The Tenth Circuit Court of Appeals recently found no liability for a company that kept accurate time records in the face of a former employee who claimed that he was not paid for overtime hours that he worked at home. In Brown v. Scriptpro, the employer, Kansas-based company ScriptPro LLC, had an automated timekeeping system in place that could be accessed remotely. Although the former employee, Frank Brown, provided testimony from his wife that he did work from home, he admittedly did not log the hours into the timekeeping system. The court explained that “[u]nder these circumstances, where the employee fails to notify the employer through the established overtime record-keeping system, the failure to pay overtime is not a Fair Labor Standards Act violation.”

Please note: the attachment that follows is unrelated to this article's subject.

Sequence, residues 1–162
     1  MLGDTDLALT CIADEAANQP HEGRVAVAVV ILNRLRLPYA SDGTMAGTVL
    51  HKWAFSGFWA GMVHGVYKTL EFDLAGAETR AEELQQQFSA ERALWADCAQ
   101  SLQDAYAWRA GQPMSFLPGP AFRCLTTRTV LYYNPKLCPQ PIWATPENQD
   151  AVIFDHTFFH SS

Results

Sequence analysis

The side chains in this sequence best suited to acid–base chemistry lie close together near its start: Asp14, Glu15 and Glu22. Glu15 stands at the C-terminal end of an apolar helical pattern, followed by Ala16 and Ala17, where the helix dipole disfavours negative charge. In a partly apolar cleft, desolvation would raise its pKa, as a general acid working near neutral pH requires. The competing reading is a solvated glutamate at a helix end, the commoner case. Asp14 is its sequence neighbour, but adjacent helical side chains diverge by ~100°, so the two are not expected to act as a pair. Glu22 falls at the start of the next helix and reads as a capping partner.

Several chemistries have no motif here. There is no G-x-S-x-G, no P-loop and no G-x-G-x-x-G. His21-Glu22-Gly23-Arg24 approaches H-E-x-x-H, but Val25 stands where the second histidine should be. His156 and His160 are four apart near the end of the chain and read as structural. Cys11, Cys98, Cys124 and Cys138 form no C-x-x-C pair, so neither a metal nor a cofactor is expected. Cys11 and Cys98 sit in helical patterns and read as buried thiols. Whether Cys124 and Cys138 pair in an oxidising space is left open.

The federal regulations to the Fair Labor Standards Act require employers to keep accurate time records. Those same records are essential to an employer’s defense of “off the clock” overtime claims. Brown highlights the need for employers to heed the federal regulations by having an accurate recordkeeping system in place and clearly communicating and enforcing policies regarding the recording of work time. While the Tenth Circuit only has jurisdiction over district courts in Colorado, Kansas, New Mexico, Oklahoma, Utah and Wyoming, the case may be persuasive to federal courts in Florida and across the country.